Low tariffs and the distorted allocation of coal have also prevented private generators from entering the market.
Apart from this, transmission congestion has prevented power trading across states, particularly in the northern and southern regions of the country. Although power curtailment caused by transmission constraints has gradually declined since fiscal 2013, a significant amount of electricity continues to be lost to congestion in the electric network. For example, if there had been no transmission congestion in 2017, almost 4 percent more electricity could have been transmitted in the power exchange.
India loses about a quarter of electricity in the network due to both technical and commercial reasons – well above the 10 percent international norm.
The report finds that the economic cost of power distortions is equivalent to 4-7 percent of the GDP a year in Bangladesh, India and Pakistan, a range much higher than the previous estimates. The report identifies three main types of distortion that are most responsible for inefficiencies that contribute to fuel shortages, inefficient electricity generation and delivery, and wasteful consumption.
- Institutional distortions that arise from weak governance and the inefficient allocation of inputs and outputs of the electricity sector.
- Regulatory distortions stemming from price regulation, subsidies, and cross-subsidies.
- Social distortions that cause environmental and health damages.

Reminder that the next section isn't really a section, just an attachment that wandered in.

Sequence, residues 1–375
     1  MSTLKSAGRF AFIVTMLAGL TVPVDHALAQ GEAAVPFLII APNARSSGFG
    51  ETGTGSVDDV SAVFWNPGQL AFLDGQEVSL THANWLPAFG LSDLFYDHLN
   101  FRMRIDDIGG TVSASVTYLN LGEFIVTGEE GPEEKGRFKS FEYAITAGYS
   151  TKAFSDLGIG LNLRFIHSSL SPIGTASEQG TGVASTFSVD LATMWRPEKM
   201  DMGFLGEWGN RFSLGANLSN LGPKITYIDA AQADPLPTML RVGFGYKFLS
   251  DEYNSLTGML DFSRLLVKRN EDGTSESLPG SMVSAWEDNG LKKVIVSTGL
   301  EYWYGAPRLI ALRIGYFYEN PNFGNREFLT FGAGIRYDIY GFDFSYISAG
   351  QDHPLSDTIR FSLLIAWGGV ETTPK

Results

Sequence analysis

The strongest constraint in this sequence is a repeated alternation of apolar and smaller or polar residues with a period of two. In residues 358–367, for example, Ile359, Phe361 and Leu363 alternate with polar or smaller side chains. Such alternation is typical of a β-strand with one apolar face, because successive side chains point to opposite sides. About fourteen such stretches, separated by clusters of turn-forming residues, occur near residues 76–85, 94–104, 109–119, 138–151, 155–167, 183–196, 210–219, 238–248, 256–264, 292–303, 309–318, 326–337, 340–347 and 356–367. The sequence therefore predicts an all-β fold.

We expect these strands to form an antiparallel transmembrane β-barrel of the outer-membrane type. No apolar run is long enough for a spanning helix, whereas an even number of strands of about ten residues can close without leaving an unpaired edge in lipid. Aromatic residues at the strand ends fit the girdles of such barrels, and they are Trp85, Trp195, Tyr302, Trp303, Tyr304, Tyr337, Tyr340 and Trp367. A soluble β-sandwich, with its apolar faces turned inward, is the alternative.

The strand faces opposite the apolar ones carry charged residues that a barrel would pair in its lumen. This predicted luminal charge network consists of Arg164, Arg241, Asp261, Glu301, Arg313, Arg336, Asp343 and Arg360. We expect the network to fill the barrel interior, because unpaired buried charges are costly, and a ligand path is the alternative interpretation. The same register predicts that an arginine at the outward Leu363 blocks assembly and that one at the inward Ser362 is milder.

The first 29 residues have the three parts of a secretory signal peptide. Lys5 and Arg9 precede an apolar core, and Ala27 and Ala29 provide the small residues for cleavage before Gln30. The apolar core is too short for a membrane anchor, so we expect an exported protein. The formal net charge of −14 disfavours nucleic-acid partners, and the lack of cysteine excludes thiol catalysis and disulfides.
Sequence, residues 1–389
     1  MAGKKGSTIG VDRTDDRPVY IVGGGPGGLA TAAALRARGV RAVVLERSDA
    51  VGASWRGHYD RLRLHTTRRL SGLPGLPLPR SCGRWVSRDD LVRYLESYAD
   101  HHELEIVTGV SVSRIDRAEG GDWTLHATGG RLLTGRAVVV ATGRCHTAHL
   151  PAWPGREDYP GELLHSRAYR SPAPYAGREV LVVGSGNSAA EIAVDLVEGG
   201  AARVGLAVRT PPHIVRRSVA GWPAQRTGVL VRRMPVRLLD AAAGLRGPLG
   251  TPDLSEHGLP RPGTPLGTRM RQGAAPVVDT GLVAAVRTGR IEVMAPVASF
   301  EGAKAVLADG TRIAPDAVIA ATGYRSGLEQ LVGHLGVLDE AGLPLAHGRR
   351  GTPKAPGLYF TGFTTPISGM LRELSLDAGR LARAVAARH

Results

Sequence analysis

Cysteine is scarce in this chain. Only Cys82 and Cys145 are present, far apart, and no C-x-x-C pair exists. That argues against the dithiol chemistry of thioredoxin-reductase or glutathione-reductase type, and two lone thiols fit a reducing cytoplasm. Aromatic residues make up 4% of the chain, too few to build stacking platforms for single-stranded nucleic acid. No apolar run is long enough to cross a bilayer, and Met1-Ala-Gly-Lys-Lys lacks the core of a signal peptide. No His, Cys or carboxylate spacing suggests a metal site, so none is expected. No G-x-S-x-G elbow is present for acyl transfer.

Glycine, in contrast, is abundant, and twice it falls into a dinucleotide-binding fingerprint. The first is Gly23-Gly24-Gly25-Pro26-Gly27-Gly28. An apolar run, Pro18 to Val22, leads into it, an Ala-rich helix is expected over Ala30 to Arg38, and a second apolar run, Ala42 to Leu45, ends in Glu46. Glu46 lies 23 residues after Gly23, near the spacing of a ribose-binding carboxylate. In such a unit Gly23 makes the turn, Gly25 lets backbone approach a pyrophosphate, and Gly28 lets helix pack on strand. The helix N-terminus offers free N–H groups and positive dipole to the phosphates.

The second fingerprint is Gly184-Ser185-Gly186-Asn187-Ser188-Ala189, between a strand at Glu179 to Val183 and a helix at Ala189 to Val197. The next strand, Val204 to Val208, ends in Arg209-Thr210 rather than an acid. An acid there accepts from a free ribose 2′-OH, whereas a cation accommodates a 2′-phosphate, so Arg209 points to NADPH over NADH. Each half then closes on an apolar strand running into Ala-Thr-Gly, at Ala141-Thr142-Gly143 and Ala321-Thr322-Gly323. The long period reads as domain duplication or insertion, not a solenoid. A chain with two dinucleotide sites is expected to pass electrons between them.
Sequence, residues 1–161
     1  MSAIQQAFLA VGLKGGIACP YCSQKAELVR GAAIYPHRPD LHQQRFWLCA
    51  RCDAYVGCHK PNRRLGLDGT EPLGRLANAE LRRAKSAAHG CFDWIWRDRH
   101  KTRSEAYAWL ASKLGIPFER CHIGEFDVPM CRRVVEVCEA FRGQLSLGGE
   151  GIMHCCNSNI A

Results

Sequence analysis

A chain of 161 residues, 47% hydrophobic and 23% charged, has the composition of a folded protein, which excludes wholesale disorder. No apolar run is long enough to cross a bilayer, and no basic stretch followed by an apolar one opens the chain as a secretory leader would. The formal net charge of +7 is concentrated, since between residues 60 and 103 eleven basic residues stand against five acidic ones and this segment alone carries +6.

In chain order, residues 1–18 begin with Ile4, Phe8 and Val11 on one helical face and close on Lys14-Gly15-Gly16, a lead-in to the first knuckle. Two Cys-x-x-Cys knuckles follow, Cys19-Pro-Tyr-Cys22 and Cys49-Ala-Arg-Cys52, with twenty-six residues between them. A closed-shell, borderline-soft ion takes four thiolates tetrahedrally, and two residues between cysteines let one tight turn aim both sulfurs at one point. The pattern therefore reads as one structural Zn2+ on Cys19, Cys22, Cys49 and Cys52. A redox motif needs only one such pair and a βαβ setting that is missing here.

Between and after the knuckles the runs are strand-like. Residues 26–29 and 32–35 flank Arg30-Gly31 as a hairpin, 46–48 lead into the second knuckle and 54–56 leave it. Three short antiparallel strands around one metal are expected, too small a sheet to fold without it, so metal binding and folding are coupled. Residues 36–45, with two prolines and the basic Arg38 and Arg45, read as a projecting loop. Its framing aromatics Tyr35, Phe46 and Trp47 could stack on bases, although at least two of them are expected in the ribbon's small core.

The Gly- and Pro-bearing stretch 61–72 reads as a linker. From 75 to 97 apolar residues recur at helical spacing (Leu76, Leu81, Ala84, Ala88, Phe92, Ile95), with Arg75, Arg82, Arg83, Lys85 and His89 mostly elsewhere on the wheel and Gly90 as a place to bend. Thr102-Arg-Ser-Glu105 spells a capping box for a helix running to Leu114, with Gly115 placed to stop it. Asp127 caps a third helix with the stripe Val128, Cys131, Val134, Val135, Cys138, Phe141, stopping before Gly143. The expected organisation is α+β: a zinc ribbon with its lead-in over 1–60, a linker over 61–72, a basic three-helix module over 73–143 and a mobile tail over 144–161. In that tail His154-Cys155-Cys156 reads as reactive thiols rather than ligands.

The report suggests that the government should prioritize the quality of electricity and not just access to electricity. It states, “Electrical wires alone provide no benefit if there is no power.”
The report offers some useful recommendations for power sector reforms in South Asia:
- Rationalize the price of energy to incentivize investment and conservation.
- A narrow focus on liberalising energy prices may not be adequate given the current inefficiencies in the sector.
- Prioritize increasing efficiency, coupled with a gradually increasing in energy prices.
- Address institutional distortions and allocate resources based on transparent market rules rather than administrative order
- Create adequate incentives to improve the operating performance of utilities.
The World Bank is also helping South Asian countries to meet their energy needs through direct investments, technical assistance and budget support. For energy projects, its total lending commitment accounted $8.6 billion at the end of fiscal 2018. The main focus of the World Bank has been to provide low-carbon options for energy access, such as increasing the use of renewable energy and encouraging more efficient use of energy.
Recently, the World Bank approved a $310 million loan assistance package for Jharkhand to reform its power transmission system. It has also approved a $250 million development policy loan (DPL) to Rajasthan for the improvement of the state’s electricity distribution sector under the Power for All program.
In June 2018, the World Bank promised over $500 million for two renewable energy projects in Sindh, Pakistan.
In April 2018, the World Bank has approved $55 million in financing to expand the use of renewable energy in rural areas of Bangladesh that grid electricity cannot easily reach.